August 21, 2000

By Karen Kenworthy


Is it just me? Or is the world really changing faster than ever before? Just last week my oldest nephew left home to start his freshman year at a nearby university. Though Daniel's only a few hours from home, it must seem like he's on another planet to his loving Mom and Dad.

That same Dad, my brother Bill, recently became a grandfather, and I a great-aunt! This transformation was accomplished by my oldest niece, Vanessa, her husband Chuck, and their new daughter Alexis. The latest word is that all are doing well, though grandpa Bill's knees are a little shaky.

Now this week lovely Monica (who keeps my office neat and tidy), and her beau Bill, will "close" on their new house. Though their marriage is still three months away, the preparations and plans for their new life together are well underway. It's going to be a long wait for the two of them. But it will be worth it.

What's In A Number?

Back in the world of computers, you might think change would be slower. Or at least a bit more manageable. But one agitated reader named Dan doesn't think so. Recently, he wrote to me about software, and the peculiar way programmers number new versions:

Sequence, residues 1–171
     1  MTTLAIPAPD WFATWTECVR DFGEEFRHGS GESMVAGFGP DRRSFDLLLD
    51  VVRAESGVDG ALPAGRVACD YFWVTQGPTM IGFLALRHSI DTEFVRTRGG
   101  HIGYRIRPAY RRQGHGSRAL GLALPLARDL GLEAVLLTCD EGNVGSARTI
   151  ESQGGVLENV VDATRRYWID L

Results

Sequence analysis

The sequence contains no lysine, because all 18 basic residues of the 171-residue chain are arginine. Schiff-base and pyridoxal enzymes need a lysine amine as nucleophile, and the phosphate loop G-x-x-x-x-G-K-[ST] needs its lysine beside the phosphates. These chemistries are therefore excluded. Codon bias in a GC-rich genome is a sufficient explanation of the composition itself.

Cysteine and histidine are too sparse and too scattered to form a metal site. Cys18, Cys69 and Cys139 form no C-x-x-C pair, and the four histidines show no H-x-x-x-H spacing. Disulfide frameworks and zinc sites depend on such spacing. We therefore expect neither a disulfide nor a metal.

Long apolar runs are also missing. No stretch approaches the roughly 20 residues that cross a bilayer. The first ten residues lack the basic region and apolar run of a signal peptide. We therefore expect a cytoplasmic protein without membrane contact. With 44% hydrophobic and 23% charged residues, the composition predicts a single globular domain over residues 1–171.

"Why Why Why Why Why do programmers use that numbering system? ref: 2.9.1 to 2.10? Any person familiar with integers and decimals -- which is probably 99.999999% of your readers -- would absolutely insist that after 2.9.1"???" comes either 2.9.2 "???" or -- forgive me if this makes much much much much much too much sense -- 3.0. so PLEASE Karen, could you explain this. Thanks, Dan."

Now, I may not understand everything Dan says. But I do understand how he feels. And I know a lot of others do too. Program version numbers are confusing, and sometimes appear arbitrary. How do programmers come up with numbers such as 2.9.1? And what do these numbers mean?

There is some method to the seeming madness. Windows sets aside 64 bits inside each program, to record the program's version number. Now, you might think that logical programmers would simply number each version of their programs. If they did, the version incarnation would be known as version 1, the next as version 2, followed by version 3, version 4, and so on.

That system sure would be simple, and easy to understand. But unfortunately, it doesn't fit well with the way programs are actually developed. Most programs are revised dozens of times between public appearances. A few complex programs, such as Windows, go through thousands of revisions between each public release.